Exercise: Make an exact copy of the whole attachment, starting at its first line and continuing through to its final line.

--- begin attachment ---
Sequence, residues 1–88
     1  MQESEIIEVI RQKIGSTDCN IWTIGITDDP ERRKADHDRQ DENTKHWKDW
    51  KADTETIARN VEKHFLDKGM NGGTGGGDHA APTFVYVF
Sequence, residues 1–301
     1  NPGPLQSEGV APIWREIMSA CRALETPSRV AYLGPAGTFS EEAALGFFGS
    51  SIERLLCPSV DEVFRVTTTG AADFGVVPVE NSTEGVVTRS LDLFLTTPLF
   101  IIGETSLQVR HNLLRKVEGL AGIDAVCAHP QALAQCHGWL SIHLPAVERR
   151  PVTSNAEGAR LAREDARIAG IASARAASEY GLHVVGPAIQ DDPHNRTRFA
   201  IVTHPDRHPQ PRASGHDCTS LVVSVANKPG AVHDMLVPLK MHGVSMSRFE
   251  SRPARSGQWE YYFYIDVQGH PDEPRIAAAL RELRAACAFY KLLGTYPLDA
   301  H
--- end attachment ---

Sequence, residues 1–88
     1  MQESEIIEVI RQKIGSTDCN IWTIGITDDP ERRKADHDRQ DENTKHWKDW
    51  KADTETIARN VEKHFLDKGM NGGTGGGDHA APTFVYVF
Sequence, residues 1–301
     1  NPGPLQSEGV APIWREIMSA CRALETPSRV AYLGPAGTFS EEAALGFFGS
    51  SIERLLCPSV DEVFRVTTTG AADFGVVPVE NSTEGVVTRS LDLFLTTPLF
   101  IIGETSLQVR HNLLRKVEGL AGIDAVCAHP QALAQCHGWL SIHLPAVERR
   151  PVTSNAEGAR LAREDARIAG IASARAASEY GLHVVGPAIQ DDPHNRTRFA
   201  IVTHPDRHPQ PRASGHDCTS LVVSVANKPG AVHDMLVPLK MHGVSMSRFE
   251  SRPARSGQWE YYFYIDVQGH PDEPRIAAAL RELRAACAFY KLLGTYPLDA
   301  H